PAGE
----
I decided to check out Night of the Ghoul entirely on a whim. This has been an especially hectic year for me and I’ve fallen very behind on my reading. I have not touched my comixology subscription in months. Now that things have settled down I’ve been trying to catch up. I was scrolling through the library and this caught my eye.
Longtime readers/listeners of Words About Books will know that I am a fan of horror. I especially have a soft spot for old B-horror movies and old horror comics. When I saw Night of the Ghoul, and I saw that it was about an old horror movie that turns out to have been more fact than fiction, I was hooked. I’m pleased to say that it was everything that I hoped it would be.
Night of the Ghoul is the story of Forest Inman and his son who have driven out to an old folks home in the middle of the night to visit a man they believe to be legendary (fictional) horror director, T.F. Merritt who has been missing for decades after his masterpiece was destroyed in a mysterious fire. I feel like I’ve heard this before…
Inman works in a film studio and he has been able to recover a significant portion of Merritt’s film: Night of the Ghoul. He’s come to visit Merritt tonight to learn more about the film and perhaps even acquire the full picture of what Night of the Ghoul was supposed to be. There’s a complication, though.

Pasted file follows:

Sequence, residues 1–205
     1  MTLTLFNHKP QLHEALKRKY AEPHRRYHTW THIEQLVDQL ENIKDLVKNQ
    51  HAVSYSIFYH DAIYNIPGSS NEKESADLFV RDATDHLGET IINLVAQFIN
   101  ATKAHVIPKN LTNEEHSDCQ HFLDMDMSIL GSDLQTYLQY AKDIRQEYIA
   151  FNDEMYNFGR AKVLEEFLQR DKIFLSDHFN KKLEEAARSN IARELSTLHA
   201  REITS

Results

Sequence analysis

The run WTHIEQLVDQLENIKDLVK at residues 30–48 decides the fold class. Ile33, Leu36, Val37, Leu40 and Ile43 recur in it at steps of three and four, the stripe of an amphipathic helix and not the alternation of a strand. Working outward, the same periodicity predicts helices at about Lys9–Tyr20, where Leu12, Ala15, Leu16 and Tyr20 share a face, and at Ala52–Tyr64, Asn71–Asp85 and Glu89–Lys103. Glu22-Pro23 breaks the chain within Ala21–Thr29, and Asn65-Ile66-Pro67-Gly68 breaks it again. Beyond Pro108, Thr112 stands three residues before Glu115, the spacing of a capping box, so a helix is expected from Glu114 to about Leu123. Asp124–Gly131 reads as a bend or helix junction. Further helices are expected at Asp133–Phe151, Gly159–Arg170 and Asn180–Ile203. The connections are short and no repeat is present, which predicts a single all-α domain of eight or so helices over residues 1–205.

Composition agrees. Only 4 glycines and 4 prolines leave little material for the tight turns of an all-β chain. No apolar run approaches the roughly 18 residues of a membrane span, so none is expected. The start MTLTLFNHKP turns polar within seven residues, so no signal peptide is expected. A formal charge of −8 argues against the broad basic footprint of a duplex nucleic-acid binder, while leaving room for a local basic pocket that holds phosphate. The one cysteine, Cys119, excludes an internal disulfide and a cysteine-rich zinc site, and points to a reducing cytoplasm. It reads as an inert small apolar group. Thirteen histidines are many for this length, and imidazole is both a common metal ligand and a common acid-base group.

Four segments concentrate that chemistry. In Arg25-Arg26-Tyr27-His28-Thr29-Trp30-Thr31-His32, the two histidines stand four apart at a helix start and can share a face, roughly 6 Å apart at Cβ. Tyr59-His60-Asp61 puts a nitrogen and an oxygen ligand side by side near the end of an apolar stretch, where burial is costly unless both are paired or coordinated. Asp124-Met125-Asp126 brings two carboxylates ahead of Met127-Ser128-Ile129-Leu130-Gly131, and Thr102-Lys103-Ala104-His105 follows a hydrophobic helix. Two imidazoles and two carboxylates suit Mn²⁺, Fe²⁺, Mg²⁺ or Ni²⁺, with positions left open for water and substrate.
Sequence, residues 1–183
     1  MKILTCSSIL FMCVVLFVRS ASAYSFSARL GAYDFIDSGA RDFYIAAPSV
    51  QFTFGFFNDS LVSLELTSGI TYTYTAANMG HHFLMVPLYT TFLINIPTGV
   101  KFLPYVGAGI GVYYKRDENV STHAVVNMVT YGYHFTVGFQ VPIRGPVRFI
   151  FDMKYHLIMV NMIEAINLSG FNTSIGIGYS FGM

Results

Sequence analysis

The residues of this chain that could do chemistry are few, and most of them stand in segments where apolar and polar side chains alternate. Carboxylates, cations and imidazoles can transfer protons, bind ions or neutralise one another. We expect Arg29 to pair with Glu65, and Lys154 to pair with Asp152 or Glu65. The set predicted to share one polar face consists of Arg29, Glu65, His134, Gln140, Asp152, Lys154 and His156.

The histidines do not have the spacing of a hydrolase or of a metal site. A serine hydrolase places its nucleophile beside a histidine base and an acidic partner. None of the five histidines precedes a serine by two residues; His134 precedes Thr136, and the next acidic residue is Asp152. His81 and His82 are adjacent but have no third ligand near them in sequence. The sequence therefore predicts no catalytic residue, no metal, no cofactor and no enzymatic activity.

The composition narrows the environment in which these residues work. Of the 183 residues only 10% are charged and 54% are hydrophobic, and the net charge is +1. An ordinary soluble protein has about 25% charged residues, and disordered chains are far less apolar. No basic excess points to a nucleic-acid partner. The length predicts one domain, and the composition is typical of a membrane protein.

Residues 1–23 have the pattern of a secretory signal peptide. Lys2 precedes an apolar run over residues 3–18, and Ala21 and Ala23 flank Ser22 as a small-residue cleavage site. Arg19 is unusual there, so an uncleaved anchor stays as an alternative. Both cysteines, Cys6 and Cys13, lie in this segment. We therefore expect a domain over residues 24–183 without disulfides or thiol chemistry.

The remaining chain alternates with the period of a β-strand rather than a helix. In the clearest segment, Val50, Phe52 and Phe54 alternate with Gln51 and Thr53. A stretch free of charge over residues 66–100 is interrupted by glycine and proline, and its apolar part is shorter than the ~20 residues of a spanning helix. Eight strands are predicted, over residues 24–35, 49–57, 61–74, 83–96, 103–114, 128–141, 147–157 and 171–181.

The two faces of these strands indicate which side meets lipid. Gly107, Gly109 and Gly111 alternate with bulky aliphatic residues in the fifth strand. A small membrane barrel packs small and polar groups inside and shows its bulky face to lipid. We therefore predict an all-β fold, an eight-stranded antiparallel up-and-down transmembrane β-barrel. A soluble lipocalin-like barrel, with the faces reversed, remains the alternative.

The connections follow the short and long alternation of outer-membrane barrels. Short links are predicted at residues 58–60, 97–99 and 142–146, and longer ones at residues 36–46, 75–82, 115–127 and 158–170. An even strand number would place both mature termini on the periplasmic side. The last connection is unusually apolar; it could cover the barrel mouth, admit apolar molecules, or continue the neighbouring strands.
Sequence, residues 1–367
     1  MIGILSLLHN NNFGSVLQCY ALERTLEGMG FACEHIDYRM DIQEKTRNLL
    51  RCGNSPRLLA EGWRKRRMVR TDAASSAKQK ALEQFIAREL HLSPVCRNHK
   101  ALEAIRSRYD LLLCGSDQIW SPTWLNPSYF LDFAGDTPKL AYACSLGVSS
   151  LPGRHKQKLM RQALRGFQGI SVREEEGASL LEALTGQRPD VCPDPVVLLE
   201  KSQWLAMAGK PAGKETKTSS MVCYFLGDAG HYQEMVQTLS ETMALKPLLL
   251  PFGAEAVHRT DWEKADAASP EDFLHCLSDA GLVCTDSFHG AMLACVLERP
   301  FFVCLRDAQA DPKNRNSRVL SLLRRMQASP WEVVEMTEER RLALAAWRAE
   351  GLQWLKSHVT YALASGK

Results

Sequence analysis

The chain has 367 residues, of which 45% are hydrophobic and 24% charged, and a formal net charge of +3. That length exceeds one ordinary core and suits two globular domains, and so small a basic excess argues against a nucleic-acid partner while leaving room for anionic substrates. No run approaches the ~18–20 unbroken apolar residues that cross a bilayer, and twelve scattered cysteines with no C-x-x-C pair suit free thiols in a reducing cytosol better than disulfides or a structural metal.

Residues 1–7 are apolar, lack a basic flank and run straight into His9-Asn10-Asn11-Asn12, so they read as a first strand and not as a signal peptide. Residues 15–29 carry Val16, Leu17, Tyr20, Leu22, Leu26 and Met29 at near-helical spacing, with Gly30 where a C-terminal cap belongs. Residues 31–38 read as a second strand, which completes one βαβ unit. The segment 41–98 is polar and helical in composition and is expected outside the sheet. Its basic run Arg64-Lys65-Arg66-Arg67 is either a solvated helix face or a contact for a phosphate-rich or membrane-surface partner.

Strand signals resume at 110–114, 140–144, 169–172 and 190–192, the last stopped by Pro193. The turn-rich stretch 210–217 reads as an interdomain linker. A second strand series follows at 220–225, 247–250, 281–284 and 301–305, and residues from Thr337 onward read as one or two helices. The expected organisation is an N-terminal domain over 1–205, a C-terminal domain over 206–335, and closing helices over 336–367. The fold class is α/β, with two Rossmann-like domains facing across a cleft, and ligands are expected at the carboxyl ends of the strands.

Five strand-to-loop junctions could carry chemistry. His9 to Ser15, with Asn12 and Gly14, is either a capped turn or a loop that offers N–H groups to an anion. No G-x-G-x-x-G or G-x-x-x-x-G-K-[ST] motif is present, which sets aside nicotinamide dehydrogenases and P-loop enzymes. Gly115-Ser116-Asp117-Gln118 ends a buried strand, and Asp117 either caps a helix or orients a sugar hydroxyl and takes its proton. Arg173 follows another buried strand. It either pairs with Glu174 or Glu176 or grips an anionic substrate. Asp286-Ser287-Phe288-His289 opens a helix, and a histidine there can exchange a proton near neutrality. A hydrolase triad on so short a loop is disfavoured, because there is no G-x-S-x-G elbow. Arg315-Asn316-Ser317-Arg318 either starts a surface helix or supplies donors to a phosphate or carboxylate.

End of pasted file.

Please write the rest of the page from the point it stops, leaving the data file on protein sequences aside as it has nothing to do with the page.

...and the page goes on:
Merritt insists that his film is the truth, meant to expose a shadowy cult dedicated to The Ghoul, the monster from which all other monster stories are derived. Before it could be released, the cult found Merritt. They burned down his studio and captured him. He has been their prisoner every since, and Inman will be lucky to escape this encounter with his life!
Night of the Ghoul is a perfectly executed homage to the kind of B-movie, creepy comics horror that I love. The story is relatively simple and predictable to any fan of the genre. I could imagine Uncle Creepy introducing this story in a pre-comics code authority era magazine. To me, this is a compliment.
Night of the Ghoul is built on some old bones, but Francavilla’s updated art injects some fresh blood. I genuinely hope that younger readers, or anyone who has a hard time with the old timey look and language of the classics give this one a shot.
Night of the Ghoul certainly has its flaws. This is not likely to blow any minds or revolutionize the way we think about horror. Envelopes are not pushed. New ground is not broken. Night of the Ghoul treads a well worn path. As long as expectations are properly calibrated, though, I don’t think that’s the worst thing in the world.
If you’re only going to read one horror comic this year, it probably shouldn’t be Night of the Ghoul. However, If you’re curious about old school horror or if you’re like me, and you already spend your Friday nights watching Joe Bob Briggs and listening to Psychobilly music then go ahead and add this to your list.